Following it is Half Moon, which is a mix of Crescent and Full Moons. It still has the button-press reset mechanic, but allows a different combo flow by introducing a Dial-A combo (Pressing A three times in succession) which ends in the start of a launch which can be continued into an air combo. You only have a meter that goes to 200% and loss of access to Crescent Moon’s super mode and the crippling finisher, but considering the automatic Burst which cancels an enemy attack the moment it hits, I’d say it’s a fair trade. Still using Aoko’s input as basis, the moment her Dial-A combo ends and the enemy is in the air, you’d notice that this is where fine differences between Crescent and Half Moons start to appear. With Half Moon, managing the air combos are lighter than using Crescent and her Dial-A replaces the Forward-ABC move of Aoko’s which is a series of punches. Experimentation is key to mastering this in-between style.
Lastly, we have Full Moon, which is linear and represents the Power Style. Losing access to the button-press reset and focusing on strengthened specials, making a combo that incorporates both normal and special attacks is key to lasting in this style. The 300% meter is back, and in place of the combo mechanic, you get the ability to charge your meter up to full, however it leaves you vulnerable, so you’d have to time your charges strategically to achieve great efficiency. The very-damaging super returns as well, and backed by the charge mechanic, you could use it with lethal efficiency if paced right in between combos. This style is a good one to start with, following Crescent.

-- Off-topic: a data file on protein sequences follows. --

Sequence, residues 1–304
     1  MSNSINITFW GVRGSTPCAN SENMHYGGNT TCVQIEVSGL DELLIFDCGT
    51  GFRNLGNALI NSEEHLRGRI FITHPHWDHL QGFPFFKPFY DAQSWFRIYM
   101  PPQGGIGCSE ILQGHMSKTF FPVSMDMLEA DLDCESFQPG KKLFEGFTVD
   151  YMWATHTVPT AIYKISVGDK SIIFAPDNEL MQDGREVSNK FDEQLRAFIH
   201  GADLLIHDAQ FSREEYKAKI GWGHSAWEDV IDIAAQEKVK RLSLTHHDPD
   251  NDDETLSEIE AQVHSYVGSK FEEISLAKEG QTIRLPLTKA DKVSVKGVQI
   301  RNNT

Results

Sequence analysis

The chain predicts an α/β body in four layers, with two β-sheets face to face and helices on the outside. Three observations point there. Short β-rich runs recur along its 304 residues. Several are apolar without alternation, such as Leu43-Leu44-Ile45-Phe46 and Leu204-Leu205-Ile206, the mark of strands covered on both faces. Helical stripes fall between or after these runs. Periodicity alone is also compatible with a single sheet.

A basic input that you can possibly apply in Melty Blood: Type Lumina is the command dash, which is performed by pressing forward or backward and A+B, keeping your pace up in combat instead of pressing either direction twice. It can also be used mid-air to give yourself either a boost forward or backward depending on your choice.
Another handy technique you should remember is the dodge, which is performed by pressing down and A+B. It requires precise timing, so full-screen attacks or projectiles can be easily avoided, like the Arc Drive of the final boss.
Shielding is performed by pressing D. Keeping it activated costs meter and drives down your guard gauge, leaving you easy to guard break and kick around. Timing it right results in an EX-Shield, which even nets you some meter gain, and if done in succession, could mean a rapid gauge gain.